Several human rights groups are united in their demand that former president George W. Bush face prosecution following his open admission that he authorized the use of waterboarding, one of the cruelest forms of torture. Former president Bush made his admission during interviews publicizing his book, Decision Points. Bush’s admission of having authorized torture, however serious the claim is, is just one of the reasons for which the former president could be prosecuted.
During an interview with NBC News Bush said, “Three people were waterboarded and I believe that decision saved lives.” And he added, “My job was to protect America. And I did.” This is not the opinion of the American Civil Liberties Union (ACLU), Amnesty International (AI) and Human Rights Watch, three of the most prestigious human rights organizations.
“The Department of Justice has made clear that waterboarding is torture and, as such, a crime under the federal anti-torture statute.18 U.S.C. 2340 (c). The United States has historically prosecuted waterboarding as a crime. In light of the admission by the former President, and the legally correct determination by the Department of Justice that waterboarding is a crime, you should ensure that Mr. Durham’s current investigation into detainee interrogations encompasses the conduct and decisions of former President Bush,” says the ACLU in a letter addressed to U.S. Attorney General Eric Holder.
According to Human Rights Watch, the U.S. government’s conduct on alleged torture of its detainees sends an “ugly message” to the international community. “It sends the ugly message that there are no legal consequences in the United States for committing the most heinous of international crimes,” said in a statement Joanne Mariner, a counter-terrorism program director at Human Rights Watch.
While the U.S. has so far taken a lenient attitude towards those that committed or ordained human rights abuses such as torture, both Argentina and Peru have shown that it is possible to indict and punish the highest officials in the land.
In Argentina, more than 30 high ranking officials, including several members of Argentina’s military juntas, were prosecuted and sent to prison on long sentences following their indictment for human rights abuses committed while the military were in power. Among those crimes were the torture and enforced “disappearance” of prisoners.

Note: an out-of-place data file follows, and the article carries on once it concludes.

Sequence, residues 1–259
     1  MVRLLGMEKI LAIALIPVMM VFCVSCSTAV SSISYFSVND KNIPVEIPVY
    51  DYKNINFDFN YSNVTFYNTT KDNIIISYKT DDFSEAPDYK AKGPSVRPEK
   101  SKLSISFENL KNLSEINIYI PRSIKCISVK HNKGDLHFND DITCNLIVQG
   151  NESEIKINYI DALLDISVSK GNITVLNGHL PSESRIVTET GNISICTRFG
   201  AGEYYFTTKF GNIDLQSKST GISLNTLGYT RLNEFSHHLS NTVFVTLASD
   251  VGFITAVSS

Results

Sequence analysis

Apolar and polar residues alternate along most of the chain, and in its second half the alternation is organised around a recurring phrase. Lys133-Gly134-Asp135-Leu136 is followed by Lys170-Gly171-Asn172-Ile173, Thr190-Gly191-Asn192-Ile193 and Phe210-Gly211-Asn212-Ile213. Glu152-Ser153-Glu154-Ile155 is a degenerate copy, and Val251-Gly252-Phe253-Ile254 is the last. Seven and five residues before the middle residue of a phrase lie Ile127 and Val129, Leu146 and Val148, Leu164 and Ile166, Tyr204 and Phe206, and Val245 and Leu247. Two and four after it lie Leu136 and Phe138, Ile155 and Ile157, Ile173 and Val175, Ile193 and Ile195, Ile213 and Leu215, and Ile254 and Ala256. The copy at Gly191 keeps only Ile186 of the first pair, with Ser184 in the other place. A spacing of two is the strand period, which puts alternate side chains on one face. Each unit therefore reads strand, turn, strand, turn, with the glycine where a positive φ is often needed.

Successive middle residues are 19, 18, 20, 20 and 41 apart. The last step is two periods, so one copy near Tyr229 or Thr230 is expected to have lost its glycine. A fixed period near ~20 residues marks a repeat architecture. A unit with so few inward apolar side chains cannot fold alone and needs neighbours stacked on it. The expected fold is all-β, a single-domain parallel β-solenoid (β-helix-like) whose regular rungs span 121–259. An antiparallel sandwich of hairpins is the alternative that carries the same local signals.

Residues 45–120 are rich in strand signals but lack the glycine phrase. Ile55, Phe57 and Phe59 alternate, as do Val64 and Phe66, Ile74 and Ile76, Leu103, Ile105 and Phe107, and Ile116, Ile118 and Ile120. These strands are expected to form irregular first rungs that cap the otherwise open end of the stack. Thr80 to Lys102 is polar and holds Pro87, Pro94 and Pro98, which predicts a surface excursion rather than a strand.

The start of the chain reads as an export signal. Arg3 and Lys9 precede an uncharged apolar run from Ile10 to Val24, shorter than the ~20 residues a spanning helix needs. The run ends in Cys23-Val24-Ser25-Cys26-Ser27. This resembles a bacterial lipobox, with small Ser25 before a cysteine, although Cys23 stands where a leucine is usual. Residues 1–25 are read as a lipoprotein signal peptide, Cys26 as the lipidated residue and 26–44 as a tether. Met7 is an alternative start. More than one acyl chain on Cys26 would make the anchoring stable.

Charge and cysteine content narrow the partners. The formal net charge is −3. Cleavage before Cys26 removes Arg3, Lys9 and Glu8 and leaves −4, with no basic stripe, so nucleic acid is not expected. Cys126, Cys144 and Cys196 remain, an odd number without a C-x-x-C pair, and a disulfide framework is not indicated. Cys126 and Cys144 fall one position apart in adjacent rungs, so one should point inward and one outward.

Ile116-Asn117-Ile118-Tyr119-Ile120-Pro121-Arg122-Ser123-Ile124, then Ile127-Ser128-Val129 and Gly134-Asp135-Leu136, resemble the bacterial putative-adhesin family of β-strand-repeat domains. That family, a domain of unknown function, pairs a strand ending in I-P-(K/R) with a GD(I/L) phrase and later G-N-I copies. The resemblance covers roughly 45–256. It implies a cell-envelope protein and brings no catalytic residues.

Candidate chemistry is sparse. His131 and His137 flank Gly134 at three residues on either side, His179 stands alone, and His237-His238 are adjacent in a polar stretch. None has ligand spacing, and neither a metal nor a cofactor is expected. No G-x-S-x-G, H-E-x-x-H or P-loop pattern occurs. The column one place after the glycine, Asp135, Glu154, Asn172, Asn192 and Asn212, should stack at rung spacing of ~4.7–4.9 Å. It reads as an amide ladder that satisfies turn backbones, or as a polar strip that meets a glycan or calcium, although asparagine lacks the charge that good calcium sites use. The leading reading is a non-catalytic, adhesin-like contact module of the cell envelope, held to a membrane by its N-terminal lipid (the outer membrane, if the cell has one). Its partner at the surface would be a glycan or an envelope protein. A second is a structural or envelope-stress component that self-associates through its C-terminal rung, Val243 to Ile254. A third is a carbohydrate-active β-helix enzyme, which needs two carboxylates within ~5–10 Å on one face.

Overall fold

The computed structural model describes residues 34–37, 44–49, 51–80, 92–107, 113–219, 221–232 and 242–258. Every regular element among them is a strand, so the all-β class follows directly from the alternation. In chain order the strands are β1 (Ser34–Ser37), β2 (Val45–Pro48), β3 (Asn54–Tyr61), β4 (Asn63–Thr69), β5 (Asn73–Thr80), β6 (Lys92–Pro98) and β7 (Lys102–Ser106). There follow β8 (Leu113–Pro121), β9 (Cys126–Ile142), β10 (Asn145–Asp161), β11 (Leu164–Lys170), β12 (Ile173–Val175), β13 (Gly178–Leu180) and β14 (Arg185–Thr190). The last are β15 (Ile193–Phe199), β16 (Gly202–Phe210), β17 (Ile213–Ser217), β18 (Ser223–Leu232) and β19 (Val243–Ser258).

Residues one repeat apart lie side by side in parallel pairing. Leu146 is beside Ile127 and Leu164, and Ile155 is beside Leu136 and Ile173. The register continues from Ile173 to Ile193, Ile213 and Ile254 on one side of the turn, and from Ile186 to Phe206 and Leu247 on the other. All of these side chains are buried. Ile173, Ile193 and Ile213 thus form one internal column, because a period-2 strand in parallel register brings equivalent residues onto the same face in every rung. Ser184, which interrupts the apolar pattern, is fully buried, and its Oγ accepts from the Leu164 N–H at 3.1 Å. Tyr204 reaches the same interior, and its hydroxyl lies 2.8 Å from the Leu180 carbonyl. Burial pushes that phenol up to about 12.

In Peru, in 2009, former Peruvian President Alberto Fujimori was sentenced to 25 years in jail for ordering killings and kidnapping by security forces. Mr. Fujimori was already serving a six-year term after being found guilty in 2007 on separate charges of abuse of power.
“Under international law, the former President’s admission to having authorized acts that amount to torture are enough to trigger the USA’s obligations to investigate his admissions and if substantiated, to prosecute him,” said Claudio Cordone, senior director at Amnesty International. And he added, “His admissions also highlighted once again the absence of accountability for the crimes under international law of torture and enforced disappearance committed by the USA.”
Regarding its request to prosecute former President Bush the ACLU stated, “The ACLU acknowledges the significance of this request, but it bears emphasis that the former President’s acknowledgment that he authorized torture is without parallel in American history. The admission cannot be ignored. In our system, no one is above the law or beyond its reach, not even a former president.”
During his recent visit to Indonesia, President Barak Obama urged the leaders of that country to acknowledge the human rights abuses of the Suharto regime. Among those abuses is the 1991 killing of over 200 East Timorese civilians in Dili, East Timor. The same principles should be applied to the conduct of former president George W. Bush. As stated by the ACLU, “A nation committed to the rule of law cannot simply ignore evidence that its most senior leaders authorized torture.”
César Chelala, MD, PhD, is a co-winner of an Overseas Press Club of America award for an article on human rights.